Let’s talk about probably the biggest waste of money there is, New Years’ Eve parties.
Younger readers might think they have no choice but to go out on New Years’ Eve, going to some overpriced club and drinking too much. I know I went out pretty much every year in my 20s, but your 30s are a whole other story. That’s the decade it becomes acceptable to be lame.
It gets even better, too. By the time you hit your 40s it’s an expectation you’ll be lame. You can watch the New York feed of Dick Clark’s Rockin’ Eve and be in bed by 10:30.
This is all part of a larger trend when you get older. The party holidays (New Year’s, Canada Day, Halloween) become less and less important, while the family gathering days (Christmas, Thanksgiving, Easter) become paramount. And then you invite young adults over and they ruin it by turning a family holiday into a party one. Nice going, maroon.
But then they’re family and you forgive them. Aww. Aren’t you sweet?
My message on this has been pretty consistent for years now. Partying is an incredibly dumb hobby. Most people grow out of it by their mid-20s, but there are still a few stragglers who insist on holding onto the dream into their late-20s or even into their 30s. You’ll save thousands of dollars annually by stopping the binge drinking, and be healthier to boot.
Links I liked
1. Let’s start off with this profile of Jimmy Pattison, the man known as Canada’s Warren Buffett. It follows him around rural Saskatchewan as he checks in on the newest part of his empire — farm machinery dealerships.
Here are a couple pieces I’ve wrote about Jimmy over the years, who continues to be one of my favorite investors.
- Steal These 3 Timeless Investing Tips From Billionaire Investor Jim Pattison
- 5 Important Lessons I Learned From Jimmy Pattison
2. Over on Seeking Alpha, Dale Roberts takes a closer look at BlackRock, the ETF giant that is trading at a surprisingly cheap valuation. A great company trading at a bargain price? Yes, please. Read this one quickly; it’s going to disappear behind the paywall in a couple of days.
3. Asset-Based Life is back this week, profiling the world’s youngest retiree. He’s just 12-years-old.
This post is one of Paul’s best, something I not saying lightly. I think he’s consistently one of the finest personal finance writers out there. This article surpasses even his usual high standard. He captures everything that’s wrong with the FIRE movement in one tidy little package. Seriously, go read it. Now.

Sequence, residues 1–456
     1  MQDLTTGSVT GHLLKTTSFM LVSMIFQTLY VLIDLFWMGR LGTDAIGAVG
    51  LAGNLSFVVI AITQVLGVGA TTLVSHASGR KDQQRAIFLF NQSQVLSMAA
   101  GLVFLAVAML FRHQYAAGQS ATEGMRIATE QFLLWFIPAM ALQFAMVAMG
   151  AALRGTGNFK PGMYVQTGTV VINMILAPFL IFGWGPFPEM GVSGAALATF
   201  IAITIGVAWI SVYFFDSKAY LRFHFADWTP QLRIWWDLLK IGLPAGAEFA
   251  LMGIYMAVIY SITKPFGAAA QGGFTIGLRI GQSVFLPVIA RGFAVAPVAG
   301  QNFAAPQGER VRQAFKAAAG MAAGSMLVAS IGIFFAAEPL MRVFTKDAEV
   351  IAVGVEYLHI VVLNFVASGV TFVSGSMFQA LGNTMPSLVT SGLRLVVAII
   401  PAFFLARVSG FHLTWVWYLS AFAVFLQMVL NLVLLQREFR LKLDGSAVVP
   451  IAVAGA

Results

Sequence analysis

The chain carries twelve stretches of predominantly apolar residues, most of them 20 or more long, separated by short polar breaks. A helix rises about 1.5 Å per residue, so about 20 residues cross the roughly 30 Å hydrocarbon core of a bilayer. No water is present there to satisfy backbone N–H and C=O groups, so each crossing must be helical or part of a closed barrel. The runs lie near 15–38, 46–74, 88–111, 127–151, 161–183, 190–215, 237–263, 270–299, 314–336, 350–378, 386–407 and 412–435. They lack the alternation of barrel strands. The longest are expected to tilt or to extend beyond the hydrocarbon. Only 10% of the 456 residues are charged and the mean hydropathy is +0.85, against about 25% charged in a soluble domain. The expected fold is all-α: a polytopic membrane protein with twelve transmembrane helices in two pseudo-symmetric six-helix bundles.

4. Gen Y Money hates paying full price for haircuts, so she lists a number of alternatives. If I lived in a large center I’d probably exclusively live on Groupon haircuts. It’s not hard to find a $10 haircut deal if you’re a dude, and since you never plan to go back you can stiff the poor bastard on the tip. Everyone wins!
5. Every month, Moneygeek publishes the results of his TFSA, which saw a 17% decrease in November. He went all-in on oil stocks after the 2015 rout, and it hasn’t worked out. This begs an interesting question — just how long should you pursue an investment strategy that clearly isn’t working? I left some thoughts in the comment section.
6. Here’s a link to the 800+ page operating guide for a Subway franchise. It’s filled with great tidbits you can apply to any business.
This is my favorite part:
Mmmmmmmm. Anyone else with a serious hankering for Subway yet? I haven’t had the munchies this bad since October 17th.
7. Want to borrow some cash but keep striking out because you have no collateral? Okay, that’s not a very big problem here; you’ll just have to pay about 20-45% interest. But it is over in China, a nation that doesn’t really have an established consumer credit system. Enterprising lenders have an interesting solution — give them your nudes as collateral.
Ladies only, obviously.
8. My Money Wizard has some advice for those of you bitching about a high cost of living. Rather than struggling in a place like Toronto, Vancouver, New York City, or Hong Kong, move instead to a low cost of living city. Use that to get ahead and THEN move to the high cost of living city.
9. Nomad Capitalist outlines his experience buying real estate in Georgia (the country, not the state). It reminded me of a very important lesson about how you need to know a real estate market before investing in it. Andrew accomplishes this by hiring a great agent and lawyer to help him, but it’s not always that easy. How do you know an agent is good or a lawyer is competent, especially if you don’t know a market?
10. I liked this post by Early Retirement Dude, who points out that maybe kids should pay for at least some of their own way in college.
I waver back and forth on this issue. On the one hand, figuring how to pay for things yourself is a good thing. It teaches all sorts of skills. But at the same time the older generation is often guilty of hoarding more money than they could ever need while their offspring struggle to establish themselves. By the time the inheritance comes the kids are already well on their way to becoming wealthy too. It helps nobody.
So I dunno. I see it from both sides.
11. Here’s how a guy named Joel — writing over at Collecting Wisdom — bought 4 four-plexes in a year. It might not be totally applicable to the Canadian readers, but it’s still a knowledgeable post nonetheless.
12. And finally, let’s wrap this up with a couple of articles I did for Motley Fool. Here are some thoughts I have about Altagas, which I think is an incredibly cheap stock. And here’s a short list of three stocks that might cut their dividends next year.
That’s about it. Have a great weekend, everyone.